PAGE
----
A Little History of Astronomy and Architectureby John F. Michell
Stonehenge today is a battlefield, not only for police and festivalgoers at midsummer but also for rival camps of archaeologists, astronomers, and other researchers into the mysteries of prehistoric religion and science. Controversy flared up in 1963, when Gerald Hawkins made early use of the computer to identify Stonehenge as an observatory for the sun and moon and an instrument for predicting eclipses. Further studies of megalithic sites by Alexander Thom proved that many of them were also related to the seasonal positions of the heavenly bodies. The study of astro-archaeology has now expanded worldwide, bringing new revelations about the mystical sciences of antiquity. This "little history" summarizes the issues involved in astro-archaeology, and illustrates its principal sites and personalities. Included are recent findings of British scientists, whose records of anomalous levels of natural energies at stone circles are in accordance with the magical reputations of such places in local folklore. The present state of research and the exciting prospects for astro-archaeology in the future are summed up in the final chapter. 97 b/w illustrations. Previously published under the title Secrets of the Stones.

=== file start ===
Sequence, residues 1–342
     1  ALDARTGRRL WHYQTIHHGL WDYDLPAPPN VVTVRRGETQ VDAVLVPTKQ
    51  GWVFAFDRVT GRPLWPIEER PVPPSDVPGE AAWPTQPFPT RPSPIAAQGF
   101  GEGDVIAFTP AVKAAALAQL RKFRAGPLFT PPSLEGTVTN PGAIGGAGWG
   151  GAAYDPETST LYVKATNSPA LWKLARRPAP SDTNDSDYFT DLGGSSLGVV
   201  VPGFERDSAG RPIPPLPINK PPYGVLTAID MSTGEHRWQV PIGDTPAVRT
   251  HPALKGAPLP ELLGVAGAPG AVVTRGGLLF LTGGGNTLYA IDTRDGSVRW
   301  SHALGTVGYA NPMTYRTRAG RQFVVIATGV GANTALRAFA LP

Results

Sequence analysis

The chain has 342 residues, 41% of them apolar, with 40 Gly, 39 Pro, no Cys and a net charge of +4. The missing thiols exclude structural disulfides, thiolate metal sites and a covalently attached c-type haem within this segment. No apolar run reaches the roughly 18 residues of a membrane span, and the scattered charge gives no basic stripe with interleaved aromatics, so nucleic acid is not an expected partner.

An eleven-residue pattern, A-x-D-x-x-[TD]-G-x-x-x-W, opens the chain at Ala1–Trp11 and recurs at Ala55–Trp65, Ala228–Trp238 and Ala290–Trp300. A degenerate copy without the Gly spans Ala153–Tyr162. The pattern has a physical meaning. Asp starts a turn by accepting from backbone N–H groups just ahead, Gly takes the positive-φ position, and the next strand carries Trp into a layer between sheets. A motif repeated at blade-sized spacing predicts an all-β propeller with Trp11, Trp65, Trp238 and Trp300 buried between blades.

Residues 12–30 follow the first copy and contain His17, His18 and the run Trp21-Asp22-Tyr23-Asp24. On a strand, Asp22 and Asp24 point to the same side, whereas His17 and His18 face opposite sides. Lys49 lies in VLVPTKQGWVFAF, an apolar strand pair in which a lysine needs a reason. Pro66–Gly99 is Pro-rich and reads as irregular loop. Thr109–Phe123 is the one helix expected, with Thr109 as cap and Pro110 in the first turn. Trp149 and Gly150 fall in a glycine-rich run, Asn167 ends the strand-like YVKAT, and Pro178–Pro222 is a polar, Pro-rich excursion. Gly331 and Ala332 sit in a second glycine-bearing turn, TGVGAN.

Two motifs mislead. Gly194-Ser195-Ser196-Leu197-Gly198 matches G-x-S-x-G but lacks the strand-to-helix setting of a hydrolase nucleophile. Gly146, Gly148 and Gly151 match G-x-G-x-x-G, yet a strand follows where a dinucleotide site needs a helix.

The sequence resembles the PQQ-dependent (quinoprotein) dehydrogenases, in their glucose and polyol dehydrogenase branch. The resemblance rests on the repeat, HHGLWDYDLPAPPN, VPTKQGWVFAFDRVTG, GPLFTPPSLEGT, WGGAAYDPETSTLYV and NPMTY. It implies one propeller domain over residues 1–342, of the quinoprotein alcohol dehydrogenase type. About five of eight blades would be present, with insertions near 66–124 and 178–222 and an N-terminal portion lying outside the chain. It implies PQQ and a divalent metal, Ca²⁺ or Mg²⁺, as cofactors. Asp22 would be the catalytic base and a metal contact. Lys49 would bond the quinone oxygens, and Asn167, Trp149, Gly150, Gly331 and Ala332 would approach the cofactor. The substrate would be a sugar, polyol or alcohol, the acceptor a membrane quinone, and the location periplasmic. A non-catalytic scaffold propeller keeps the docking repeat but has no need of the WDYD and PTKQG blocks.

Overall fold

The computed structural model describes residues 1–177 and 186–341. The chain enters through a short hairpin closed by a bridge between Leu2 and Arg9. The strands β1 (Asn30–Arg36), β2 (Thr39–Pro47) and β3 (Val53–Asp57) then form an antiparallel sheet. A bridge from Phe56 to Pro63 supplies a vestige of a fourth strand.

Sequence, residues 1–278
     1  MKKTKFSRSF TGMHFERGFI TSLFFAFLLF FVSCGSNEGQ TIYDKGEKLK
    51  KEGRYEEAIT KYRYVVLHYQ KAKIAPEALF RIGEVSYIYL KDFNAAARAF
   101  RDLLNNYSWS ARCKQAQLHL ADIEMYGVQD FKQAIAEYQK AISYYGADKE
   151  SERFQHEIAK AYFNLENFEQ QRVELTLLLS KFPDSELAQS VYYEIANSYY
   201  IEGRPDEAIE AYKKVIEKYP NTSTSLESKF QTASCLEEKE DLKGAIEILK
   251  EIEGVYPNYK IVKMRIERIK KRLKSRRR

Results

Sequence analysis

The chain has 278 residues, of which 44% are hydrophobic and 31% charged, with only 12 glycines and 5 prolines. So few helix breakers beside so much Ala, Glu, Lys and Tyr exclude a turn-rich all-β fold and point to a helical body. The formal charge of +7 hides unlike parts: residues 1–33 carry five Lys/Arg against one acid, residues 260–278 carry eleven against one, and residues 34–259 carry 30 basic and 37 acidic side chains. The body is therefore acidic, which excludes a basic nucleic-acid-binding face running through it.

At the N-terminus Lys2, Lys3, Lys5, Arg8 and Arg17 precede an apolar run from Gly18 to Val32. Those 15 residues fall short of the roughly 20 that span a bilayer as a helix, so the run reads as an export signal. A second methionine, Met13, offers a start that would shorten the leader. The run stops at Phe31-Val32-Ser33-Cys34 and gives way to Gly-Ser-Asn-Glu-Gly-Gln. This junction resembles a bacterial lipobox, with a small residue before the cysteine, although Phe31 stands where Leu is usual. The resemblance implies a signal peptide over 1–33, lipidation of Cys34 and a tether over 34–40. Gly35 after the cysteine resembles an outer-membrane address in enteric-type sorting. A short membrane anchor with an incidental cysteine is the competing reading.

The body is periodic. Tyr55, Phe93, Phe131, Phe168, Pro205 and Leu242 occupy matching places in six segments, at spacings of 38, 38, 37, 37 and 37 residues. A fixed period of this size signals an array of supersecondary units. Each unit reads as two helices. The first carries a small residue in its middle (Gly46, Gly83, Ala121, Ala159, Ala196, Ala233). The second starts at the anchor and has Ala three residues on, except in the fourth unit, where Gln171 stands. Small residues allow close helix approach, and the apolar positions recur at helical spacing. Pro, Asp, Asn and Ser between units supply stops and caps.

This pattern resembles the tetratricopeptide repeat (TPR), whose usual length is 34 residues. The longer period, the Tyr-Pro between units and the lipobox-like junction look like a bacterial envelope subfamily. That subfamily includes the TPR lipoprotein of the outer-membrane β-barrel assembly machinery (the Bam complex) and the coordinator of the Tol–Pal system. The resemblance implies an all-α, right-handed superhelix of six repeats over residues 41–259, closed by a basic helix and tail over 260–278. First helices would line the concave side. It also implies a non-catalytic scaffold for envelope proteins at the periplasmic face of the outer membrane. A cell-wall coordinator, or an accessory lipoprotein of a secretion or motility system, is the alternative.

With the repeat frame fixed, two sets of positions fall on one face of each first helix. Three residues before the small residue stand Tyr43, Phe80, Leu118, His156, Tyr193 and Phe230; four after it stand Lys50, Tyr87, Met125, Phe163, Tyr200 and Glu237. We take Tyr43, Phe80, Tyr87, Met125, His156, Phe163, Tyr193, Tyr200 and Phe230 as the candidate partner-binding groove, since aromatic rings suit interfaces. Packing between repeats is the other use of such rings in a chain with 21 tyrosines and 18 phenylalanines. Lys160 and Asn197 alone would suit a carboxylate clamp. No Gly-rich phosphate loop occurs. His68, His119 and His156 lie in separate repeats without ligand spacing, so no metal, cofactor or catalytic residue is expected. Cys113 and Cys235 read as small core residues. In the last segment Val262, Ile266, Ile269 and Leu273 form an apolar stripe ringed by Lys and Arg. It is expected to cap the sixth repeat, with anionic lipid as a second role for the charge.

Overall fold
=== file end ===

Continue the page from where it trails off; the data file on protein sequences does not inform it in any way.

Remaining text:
Author Biography: John Michell's is the author of Who Wrote Shakespeare?, The New View Over Atlantis, A Little History of Astro-Archaeology, among many other books.
- Thames & Hudson
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- 5.91(w) x 8.96(h) x 0.54(d)
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